As of now, France is the only country in the world with laws prohibiting parents to post pictures of their children without their consent (Chazan, 2016).

Children’s Rights to Privacy on the Internet

The right to privacy is a basic human right. Though, with the advent of social media where information is easily created and shared, there is always a risk of invasion. The right to privacy of an individual must also apply to their online activities. Children are vulnerable to being abused, and photos of children should be protected by parents who are more aware of security and privacy of these social media services.

The right to privacy is embedded in various international declarations. According to Article 16 of the United Nations' Universal Declaration of Human Rights, "No one shall be subjected to arbitrary interference with his privacy, family, home or correspondence, nor to attacks upon his honour and reputation. Everyone has the right to the protection of the law against such interference or attacks." This is also included in UNICEF's Convention on the Rights of a Child, in which the Philippines is a part (United Nations, 2016).

Children's right to privacy is also embedded in Philippine laws and is covered by the Constitution. Children are still under their parents' protection. Parents should be responsible in ensuring the right to privacy of their children and these right extends to their photos.

Conclusion
While parents must monitor their child's online activities, parents themselves must be vigilant about what they share. Even with the easy access and sharing of information, the privacy of a child is a right to be protected by law and also should extend to social media. Undoubtedly, social media will be here for years to come, and thus there should be limits to what we can share. As adults, parents have the responsibility to protect the privacy of their children online, and educate their children about their security and privacy on the internet.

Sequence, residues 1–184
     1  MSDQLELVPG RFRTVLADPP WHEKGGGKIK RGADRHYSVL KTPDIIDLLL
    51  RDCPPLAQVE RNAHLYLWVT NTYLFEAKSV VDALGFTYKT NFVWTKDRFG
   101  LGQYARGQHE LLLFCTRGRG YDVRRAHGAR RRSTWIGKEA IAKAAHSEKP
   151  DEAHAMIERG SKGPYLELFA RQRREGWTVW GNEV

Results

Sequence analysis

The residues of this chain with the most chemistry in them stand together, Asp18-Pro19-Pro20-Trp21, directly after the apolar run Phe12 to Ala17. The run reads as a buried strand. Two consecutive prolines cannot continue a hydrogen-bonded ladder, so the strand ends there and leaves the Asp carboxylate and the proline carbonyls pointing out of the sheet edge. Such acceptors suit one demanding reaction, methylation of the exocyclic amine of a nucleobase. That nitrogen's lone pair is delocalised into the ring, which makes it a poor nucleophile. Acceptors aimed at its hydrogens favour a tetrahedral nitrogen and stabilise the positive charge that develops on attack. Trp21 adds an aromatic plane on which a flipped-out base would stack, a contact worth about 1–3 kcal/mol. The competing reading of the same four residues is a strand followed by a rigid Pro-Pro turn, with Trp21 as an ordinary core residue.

There should be laws that should govern the publication of images of children on social media
Publishing a photo of a child on the social media, even if it was your own, should be regulated.
At the very least, there should be more awareness as to children’s right to privacy in the ever-growing realm of the internet especially on social media.

References


Chazan, David. (2016). French parents 'could be jailed' for posting children’s photos online. Retrieved May 15, 2016 from http://www.telegraph.co.uk/news/worldnews/europe/france/12179584/French-parents-could-be-jailed-for-posting-childrens-photos-online.html

Ellison, N. B. (2007). Social network sites: Definition, history, and scholarship. Journal of Computer‐Mediated Communication, 13(1), 210-230.

Facebook Newsroom. (2016)."Stats." Retrieved May 15, 2016 from http://newsroom.fb.com/company-info/

Igna, Henri Joshua. (2015). Internet, social media and mobile use of Filipinos in 2015. Retrieved May 15, 2016 from https://telehealth.ph/2015/03/26/internet-social-media-and-mobile-use-of-filipinos-in-2015

Losin, Joel. (2014). Pinoys lead the world in social media engagement–study. Retrieved May 15, 2016 from http://www.gmanetwork.com/news/story/367983/scitech/technology/pinoys-lead-the-world-in-social-media-engagement-study#sthash.ek11sTGp.dpuf

Trinidad, Arnie C. (2005). Childhood pornography in the Philippines. Manila: UP Center for Integrative and Development Studies and UNICEF Manila. Retrieved May 15, 2016 from http://www.unicef.org/philippines/Child_Pornography.pdf